Justices Crennan, Bell and Keane noted that neither party sought to distinguish Bryan v Maloney on the basis that that case concerned a dwelling house, and remarked that “the distinction between purchases of buildings for domestic and commercial purposes is an unstable one … because its application means that liability is apt to come and go depending on the use intended for a building by its successive purchasers.”

For example, in Brookfield Multiplex, the units had been constructed for sale to investors as a serviced apartment hotel, but it is not unforeseeable that the units might be repurposed as dwelling units at a later stage (indeed, other floors of the building were already being used in this way under a separate strata scheme).

Consequences for parties to building contracts

Despite leaving some questions unanswered, the decision in Brookfield Multiplex does provide helpful guidance for builders, developers and purchasers.

Purchasers of both commercial and residential property should be aware that the presence of detailed provisions pertaining to defects in a sale contract may have the effect of precluding the right to sue for latent defects, and should either seek amendments to these provisions, or price the risk accordingly.

Builders should be relieved that their liability to a developer for latent defects will generally not exceed that for which they bargain under contract, and hence have priced into their tender. However, given that primary liability of Builders to ultimate purchasers may still arise, it would be prudent for builders to do all they can to ensure that there are ‘back-to-back’ limitations of liability in sale contracts down the line.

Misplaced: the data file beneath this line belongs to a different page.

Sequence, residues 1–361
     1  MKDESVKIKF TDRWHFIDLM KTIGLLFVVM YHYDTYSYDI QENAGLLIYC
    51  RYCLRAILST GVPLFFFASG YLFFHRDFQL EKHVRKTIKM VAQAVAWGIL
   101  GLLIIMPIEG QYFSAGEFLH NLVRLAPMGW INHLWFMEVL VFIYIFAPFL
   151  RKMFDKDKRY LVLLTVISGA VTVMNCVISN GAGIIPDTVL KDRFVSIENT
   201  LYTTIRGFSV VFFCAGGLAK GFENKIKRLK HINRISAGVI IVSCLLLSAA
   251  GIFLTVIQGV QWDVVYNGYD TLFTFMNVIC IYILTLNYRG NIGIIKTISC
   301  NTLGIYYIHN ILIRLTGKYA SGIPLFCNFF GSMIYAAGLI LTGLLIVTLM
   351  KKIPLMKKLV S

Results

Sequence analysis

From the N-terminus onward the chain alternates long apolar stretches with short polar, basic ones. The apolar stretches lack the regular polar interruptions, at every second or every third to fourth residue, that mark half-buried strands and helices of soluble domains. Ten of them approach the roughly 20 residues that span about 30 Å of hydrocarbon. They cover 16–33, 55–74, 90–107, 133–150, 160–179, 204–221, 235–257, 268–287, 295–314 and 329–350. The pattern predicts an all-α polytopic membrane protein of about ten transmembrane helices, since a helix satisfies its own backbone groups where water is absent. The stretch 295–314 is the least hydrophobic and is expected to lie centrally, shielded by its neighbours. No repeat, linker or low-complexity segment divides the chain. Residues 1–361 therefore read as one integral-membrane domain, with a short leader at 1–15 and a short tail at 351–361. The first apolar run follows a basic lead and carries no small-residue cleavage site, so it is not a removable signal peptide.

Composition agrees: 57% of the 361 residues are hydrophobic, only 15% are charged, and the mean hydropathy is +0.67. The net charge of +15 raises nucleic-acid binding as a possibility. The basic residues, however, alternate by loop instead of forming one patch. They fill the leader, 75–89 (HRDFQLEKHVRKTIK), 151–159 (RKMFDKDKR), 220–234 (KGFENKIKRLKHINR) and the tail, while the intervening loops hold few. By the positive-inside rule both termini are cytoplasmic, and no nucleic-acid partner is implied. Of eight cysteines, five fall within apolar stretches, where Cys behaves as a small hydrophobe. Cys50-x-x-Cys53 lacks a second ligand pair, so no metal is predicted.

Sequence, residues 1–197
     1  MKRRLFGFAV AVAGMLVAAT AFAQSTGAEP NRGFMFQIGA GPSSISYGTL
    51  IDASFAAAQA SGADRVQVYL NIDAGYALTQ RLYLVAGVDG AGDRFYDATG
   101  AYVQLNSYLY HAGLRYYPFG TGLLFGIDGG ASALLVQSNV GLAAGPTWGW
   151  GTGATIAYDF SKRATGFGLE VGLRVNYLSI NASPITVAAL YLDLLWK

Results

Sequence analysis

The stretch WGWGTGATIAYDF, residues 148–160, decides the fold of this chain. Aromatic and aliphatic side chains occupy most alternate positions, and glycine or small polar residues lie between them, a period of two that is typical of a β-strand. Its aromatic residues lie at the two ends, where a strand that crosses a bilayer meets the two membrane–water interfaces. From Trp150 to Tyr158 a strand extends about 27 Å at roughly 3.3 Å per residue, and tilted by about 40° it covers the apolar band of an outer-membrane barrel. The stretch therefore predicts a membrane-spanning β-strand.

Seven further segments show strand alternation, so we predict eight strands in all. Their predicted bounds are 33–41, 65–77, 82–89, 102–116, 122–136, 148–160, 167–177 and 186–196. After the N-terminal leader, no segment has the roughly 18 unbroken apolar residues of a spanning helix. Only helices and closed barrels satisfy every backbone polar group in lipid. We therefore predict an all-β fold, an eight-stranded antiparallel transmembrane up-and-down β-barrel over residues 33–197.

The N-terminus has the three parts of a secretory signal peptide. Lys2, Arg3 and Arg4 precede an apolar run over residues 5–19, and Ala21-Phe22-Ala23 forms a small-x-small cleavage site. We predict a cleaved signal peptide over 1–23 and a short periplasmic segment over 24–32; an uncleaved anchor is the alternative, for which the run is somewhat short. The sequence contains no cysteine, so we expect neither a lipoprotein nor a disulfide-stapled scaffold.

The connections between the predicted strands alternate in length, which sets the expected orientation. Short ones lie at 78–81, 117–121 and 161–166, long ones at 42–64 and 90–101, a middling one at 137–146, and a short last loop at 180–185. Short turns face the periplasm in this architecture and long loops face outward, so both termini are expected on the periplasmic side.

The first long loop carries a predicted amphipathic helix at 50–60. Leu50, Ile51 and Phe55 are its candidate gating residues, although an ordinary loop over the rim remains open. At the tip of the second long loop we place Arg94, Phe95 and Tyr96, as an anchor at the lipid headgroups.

Developers will likewise be advantaged by ‘back-to-back’ clauses limiting the right to claim for latent defects in sales contracts, as such terms will ensure that the developer has no greater liability to the purchaser than their own entitlement to claim against the builder.

Finally, both builders and purchasers should remember that the power of the Queensland Building and Construction Commission to direct rectification of building work within 6 years and 3 months of construction cannot be excluded by contract, and therefore even if a purchaser has no action in damages, they may still have an available remedy under the legislation.